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Graystone Stables in Berwick, Maine, buzzed with early-morning activity: Terry Golson, 62, rubbed a manure stain off her black-and-white Paint. Katie Plaisted, 15, briefly longed a pony in the outdoor ring. Ten-year-old Ryen McDaniel and a group of riders, trainers and auditors lugged jump poles, standards and jump filler into the indoor arena.

Engle encouraged contest winner Terry Golson to get Tonka in front of her legs early so she didn’t have to do the work in front of the jump.

Engle encouraged contest winner Terry Golson to get Tonka in front of her legs early so she didn’t have to do the work in front of the jump.

The reason for the effort? The arrival of Olympic show jumper Margie Engle.

A dressage rider, Golson had entered Practical Horseman’s contest, “Win a Day with Margie Engle,” as a way to give back to other boarders, mainly teenage girls, at Jason Ludwick’s hunter/equitation boarding facility. The young adults had cheered on Golson after she arrived at the barn in 2019 and had started to jump with her American Paint Horse Association-registered Tonkas Midnight Snow.

“Winning this was really a gift to the people at the barn who welcomed me here and brought me into their world of hunter/jumper shows and the jumping, and the kids are great,” said Golson, who won the contest, sponsored by Equimax (a Bimeda dewormer), out of nearly 550 entrants. Engle selected Golson because in her essay she spoke about how the young riders at the barn were involved in all aspects of horsemanship from grooming to cleaning tack to sweeping the barn aisles.

Margie Engle teaching in Berwick, Maine.

Margie Engle teaching in Berwick, Maine.

The clinic, held last spring after a year’s delay because of COVID-19, was divided into four sessions, with jumping heights ranging from 18 inches to 3 feet. Engle arrived shortly before 9 a.m. and the lessons began. Despite the differences in skill levels, horse type and fence heights, Engle structured the lessons similarly: flatwork with a focus on transitions; riding two poles on the ground in five, six and four strides; and jumping lines or a small course that included a one-stride trot gymnastic and a bounce.

One overall training theme emerged with all of the sessions: Use more leg. As Engle repeated throughout the day, “You can never use enough leg.”

Following are five exercises that Engle shared with the riders. Continue reading at the bottom of this article for seven additional tips.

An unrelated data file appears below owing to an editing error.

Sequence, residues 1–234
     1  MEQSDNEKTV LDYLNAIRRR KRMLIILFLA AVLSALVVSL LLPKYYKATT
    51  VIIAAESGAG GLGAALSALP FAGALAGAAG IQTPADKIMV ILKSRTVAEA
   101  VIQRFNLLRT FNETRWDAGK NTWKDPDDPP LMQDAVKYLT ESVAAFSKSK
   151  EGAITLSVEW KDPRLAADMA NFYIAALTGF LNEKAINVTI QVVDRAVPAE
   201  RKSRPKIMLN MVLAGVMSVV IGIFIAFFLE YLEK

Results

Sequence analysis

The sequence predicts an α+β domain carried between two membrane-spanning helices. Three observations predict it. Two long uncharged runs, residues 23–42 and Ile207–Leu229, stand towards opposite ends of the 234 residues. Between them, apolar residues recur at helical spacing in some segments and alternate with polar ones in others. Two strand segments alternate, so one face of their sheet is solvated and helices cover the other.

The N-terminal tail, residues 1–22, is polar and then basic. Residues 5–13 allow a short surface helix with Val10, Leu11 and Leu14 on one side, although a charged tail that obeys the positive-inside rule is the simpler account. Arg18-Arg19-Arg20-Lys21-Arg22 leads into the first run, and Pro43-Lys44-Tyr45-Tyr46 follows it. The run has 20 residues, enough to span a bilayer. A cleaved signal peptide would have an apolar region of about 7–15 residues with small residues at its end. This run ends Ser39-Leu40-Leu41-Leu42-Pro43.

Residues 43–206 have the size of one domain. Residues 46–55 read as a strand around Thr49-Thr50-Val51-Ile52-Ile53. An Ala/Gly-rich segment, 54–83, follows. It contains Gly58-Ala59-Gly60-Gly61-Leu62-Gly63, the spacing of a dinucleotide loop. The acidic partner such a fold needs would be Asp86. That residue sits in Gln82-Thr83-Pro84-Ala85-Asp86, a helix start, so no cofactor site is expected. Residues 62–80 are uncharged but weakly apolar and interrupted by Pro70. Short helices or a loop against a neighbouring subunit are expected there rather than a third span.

Exercise 1: Lengthen and Collect the Trot

After a brief warm-up where riders stayed on the arena rail and encouraged their horses to trot forward, Engle had them lengthen on long sides of the arena in posting trot, then collect on the short ends in sitting trot.

To lengthen, Engle encouraged riders to use their legs and seats to drive the horses forward into a light connection. To collect, she told them to first use their legs and seats to engage the horses from behind. “Leg and seat before hand,” she said, emphasizing that she wanted to see a difference in stride lengths.

One goal of the work was getting the horses listening to the riders’ aids. Another was to create impulsion. After Engle told Golson to drive with her leg in the sitting trot, Tonka sat back on his haunches and lightened his front end. “He’s carrying himself more from behind,” Engle observed.

When Lily Baker’s sensitive horse, Champtino, raised his head as she collected in sitting trot, Engle said it was an indicator that Baker needed to use more leg and seat than hand. “You want a lively trot with more impulsion behind,” she said. “You want to coil him more so he shortens his stride but keeps the impulsion.”

When one of the horses became heavy during the collected work on the short side, Engle encouraged the rider to “wiggle the bit so he gets off your hand.” She also suggested counter-bending to soften him and make him lighter. “In tug of war, they’re going to win every time,” Engle said. “Work in different ways to finesse them to soften so they can sit back on their hind ends.”

Exercise 2: Lengthen and Collect the Canter

From left: Katie Plaisted, Amanda Conley and Elle McDaniel think “forward” at the walk.

From left: Katie Plaisted, Amanda Conley and Elle McDaniel think “forward” at the walk.

Similar to the trot work, Engle asked the riders to canter, lengthening down the long sides and circling on the ends of the arena to better connect the horse’s hind end to the front end and to establish a nice rhythm.